Tuesday, April 09, 2013

RIP M. Thatcher - The Iron Lady


By Chriss Street

It is appropriate that on the day of the passing of Baroness Margaret Thatcher the Public and Commercial Services Union was calling for the first U.K. “generalized” strike since 1926 in order to send a message to the Tory Conservative government that workers would fight back against cuts to pay, jobs and pensions in the public sector

 Facing inflation, Europe’s worst unemployment and violent union thugs, Prime Minister Thatcher defeated a 1985 coal miner’s strike that threatened shut down utilities and let people freeze to death in their homes for lack of heat.  Staring down union ultimatums to concede to their power, the Prime Minister implemented tax cuts and paid for them with privatization of state owned corporation and across-the-board budget cuts to revive the British economy.

No country lost more in World War II than the United Kingdom.  The war left the nation mired in huge debt, without its colonies and the high government spending during the war opened up the economy for a socialist takeover.

  After the war, the trade union dominated Labour government nationalized most large U.K. industries, including coal, steel, auto, electricity, rail and etc. under the banner of “putting people before profit.”  The theory was that under state ownership the profits would be ploughed back into the nationalized industries to always keep production “in a modern state.”  Over the next four decades, the U.K. economy was the worst performer in Europe.

As a Parliament “back-bencher” in the 1970s, Margaret Thatcher was unique among her political peers as an honors graduate of Oxford and an industrial research chemist.  She knew how business worked and understood that British labor relations guaranteed that new technology coming out of the U.K.’s extraordinary university system tended to move off-shore for development and production.
Thatcher was especially disdainful of the militancy of the million member British auto workers union’s that regularly shut down industry.  As the dominant European manufacturer of cars and trucks from the 1940s to the 1960s, the auto industry accounted for 41% of U.K. exports.  As the nation’s largest assembly operation, the Cowley plant manufactured Morris vehicles, including the iconic Mini Cooper.  During the 1960s, the plant averaged over 300 strikes a year and in 1969 hit a record of 600.

Thatcher was influenced at Oxford by Friedrich von Hayek‘s The Road to Serfdom, which condemned economic intervention by government as a precursor to an authoritarian state.  During the 1960s, Thatcher became the leading advocate in Parliament for tenants in public housing to be allowed to buy their apartments.  She also opposed Labour’s mandatory price and income controls, arguing that government intervention produces effects contrary to those intended and distort the economy.  At the Conservative Party Conference of 1966 she criticized the high-tax policies of the Labour Government as steps “not only towards Socialism, but towards Communism”.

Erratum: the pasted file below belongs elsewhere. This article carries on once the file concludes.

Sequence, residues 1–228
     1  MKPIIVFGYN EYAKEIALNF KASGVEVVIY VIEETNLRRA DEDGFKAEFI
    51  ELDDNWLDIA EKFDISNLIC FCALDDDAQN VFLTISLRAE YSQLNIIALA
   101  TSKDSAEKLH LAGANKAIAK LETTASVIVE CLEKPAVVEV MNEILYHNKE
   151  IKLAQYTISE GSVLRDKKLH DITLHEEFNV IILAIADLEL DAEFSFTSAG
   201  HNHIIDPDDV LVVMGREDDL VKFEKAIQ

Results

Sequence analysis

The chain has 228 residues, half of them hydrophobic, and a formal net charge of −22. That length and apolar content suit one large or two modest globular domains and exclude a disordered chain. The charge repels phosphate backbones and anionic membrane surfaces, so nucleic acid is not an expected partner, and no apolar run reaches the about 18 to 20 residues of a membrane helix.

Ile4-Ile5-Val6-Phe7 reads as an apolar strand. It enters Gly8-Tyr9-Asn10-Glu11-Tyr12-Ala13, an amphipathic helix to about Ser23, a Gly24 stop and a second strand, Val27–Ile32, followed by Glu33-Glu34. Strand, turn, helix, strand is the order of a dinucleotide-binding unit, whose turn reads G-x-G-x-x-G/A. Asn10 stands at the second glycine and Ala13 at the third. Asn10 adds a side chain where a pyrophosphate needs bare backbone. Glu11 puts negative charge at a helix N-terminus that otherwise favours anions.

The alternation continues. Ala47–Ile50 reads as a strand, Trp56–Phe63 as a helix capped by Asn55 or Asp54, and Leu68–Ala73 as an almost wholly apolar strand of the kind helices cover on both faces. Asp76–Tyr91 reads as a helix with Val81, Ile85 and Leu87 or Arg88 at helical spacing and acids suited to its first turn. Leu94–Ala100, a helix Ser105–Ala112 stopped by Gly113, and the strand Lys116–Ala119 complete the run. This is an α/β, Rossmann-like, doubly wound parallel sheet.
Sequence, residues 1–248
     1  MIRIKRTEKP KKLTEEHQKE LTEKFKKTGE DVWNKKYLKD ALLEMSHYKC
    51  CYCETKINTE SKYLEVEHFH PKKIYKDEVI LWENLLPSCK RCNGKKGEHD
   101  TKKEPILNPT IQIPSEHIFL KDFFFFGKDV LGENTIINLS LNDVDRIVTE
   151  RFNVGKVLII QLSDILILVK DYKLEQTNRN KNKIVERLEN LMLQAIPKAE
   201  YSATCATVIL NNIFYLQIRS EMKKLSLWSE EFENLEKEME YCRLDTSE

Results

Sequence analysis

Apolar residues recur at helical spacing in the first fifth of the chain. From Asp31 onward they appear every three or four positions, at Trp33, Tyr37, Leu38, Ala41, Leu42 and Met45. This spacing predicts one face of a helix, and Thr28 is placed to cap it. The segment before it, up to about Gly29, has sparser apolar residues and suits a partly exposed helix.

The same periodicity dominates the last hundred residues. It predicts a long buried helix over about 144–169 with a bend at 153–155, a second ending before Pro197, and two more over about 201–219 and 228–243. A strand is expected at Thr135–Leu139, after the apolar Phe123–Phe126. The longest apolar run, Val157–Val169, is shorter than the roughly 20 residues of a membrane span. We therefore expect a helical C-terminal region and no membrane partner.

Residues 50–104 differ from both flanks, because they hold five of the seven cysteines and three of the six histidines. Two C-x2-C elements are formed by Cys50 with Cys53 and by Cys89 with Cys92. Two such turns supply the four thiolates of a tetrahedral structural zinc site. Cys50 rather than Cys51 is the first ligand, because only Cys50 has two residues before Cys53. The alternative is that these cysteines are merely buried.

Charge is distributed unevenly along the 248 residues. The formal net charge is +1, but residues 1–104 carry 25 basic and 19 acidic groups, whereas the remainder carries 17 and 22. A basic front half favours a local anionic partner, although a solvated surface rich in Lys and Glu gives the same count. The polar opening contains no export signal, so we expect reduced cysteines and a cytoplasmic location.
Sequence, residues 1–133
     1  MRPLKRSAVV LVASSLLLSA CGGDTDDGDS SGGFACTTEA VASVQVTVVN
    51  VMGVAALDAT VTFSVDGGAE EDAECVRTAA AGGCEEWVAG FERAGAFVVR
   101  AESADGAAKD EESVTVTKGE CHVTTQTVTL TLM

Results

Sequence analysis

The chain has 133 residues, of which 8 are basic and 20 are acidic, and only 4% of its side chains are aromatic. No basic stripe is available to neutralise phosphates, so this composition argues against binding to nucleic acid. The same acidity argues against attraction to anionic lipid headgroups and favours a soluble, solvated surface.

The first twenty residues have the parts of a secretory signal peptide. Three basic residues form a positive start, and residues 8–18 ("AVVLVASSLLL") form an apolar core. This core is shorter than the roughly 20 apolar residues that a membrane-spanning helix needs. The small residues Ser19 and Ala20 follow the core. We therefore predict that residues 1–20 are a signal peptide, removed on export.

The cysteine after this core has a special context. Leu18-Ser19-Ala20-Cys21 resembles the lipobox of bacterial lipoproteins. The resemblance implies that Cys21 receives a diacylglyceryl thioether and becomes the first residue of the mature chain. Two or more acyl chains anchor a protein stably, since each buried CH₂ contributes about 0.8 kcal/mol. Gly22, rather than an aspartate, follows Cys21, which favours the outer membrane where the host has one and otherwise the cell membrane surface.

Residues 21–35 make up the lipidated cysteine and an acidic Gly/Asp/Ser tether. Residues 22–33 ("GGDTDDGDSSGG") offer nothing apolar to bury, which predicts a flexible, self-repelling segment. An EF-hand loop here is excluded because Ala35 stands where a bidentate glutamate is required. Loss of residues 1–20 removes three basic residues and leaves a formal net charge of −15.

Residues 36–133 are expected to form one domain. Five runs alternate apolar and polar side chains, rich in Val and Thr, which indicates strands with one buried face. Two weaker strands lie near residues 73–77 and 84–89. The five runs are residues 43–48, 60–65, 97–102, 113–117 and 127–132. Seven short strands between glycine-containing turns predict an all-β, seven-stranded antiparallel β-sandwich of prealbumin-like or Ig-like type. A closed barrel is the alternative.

Thatcher powerfully argued that lower taxes served as an incentive to hard work.  She also supported decriminalizing homosexuality, legalization of abortion, supported capital punishment and voted against the relaxation of divorce laws.  When the Conservatives gained power for four years beginning in 1970, Thatcher was appointed to the Cabinet Secretary for Education and Science.  She increased school spending on classroom education by cutting public expenditure on the state education bureaucracy.
In 1979, Thatcher led her party back to power as Prime Minister and held it for the next 12 years.  Arriving at 10 Downing Street, she stated:
 “Where there is discord, may we bring harmony.  Where there is error, may we bring truth.  Where there is doubt, may we bring faith.  And where there is despair, may we bring hope.”

Thatcher sold off public monopolies, used the proceeds to cut taxes, and put the privatized firms on a profit-making basis. Their stock prices rose sharply, making capital gains for investors whose ranks included millions of Britons who had been employees and/or customers of these enterprises.

The most enduring success of Margaret Thatcher was that she taught the British public that companies are run much more efficiently in private hands than was the case under public ownership, even when the same managers remained in charge.  When she left office in 1991, only 35% of Britain’s voters supported the Labour Party – half the proportion registered in 1945.  The Labour Party did not come back into power until Tony Blair in 1996 abandoned “Clause Four” of his Party’s 1904 constitution, advocating state control over the means of production, distribution and exchange.

The United Kingdom that Margaret Thatcher left behind is very different because of her influence.  For the last three decades, the more capitalist U.K. has been the fastest growing economy in Europe.  The communist Soviet Union she opposed collapsed and has been remade into a semi-capitalist society.  The euro communalism she fought against is now on the verge of collapse.  After all the flowery speeches about the Iron Lady, the British people should honor her: “Well done, my good and faithful servant.”

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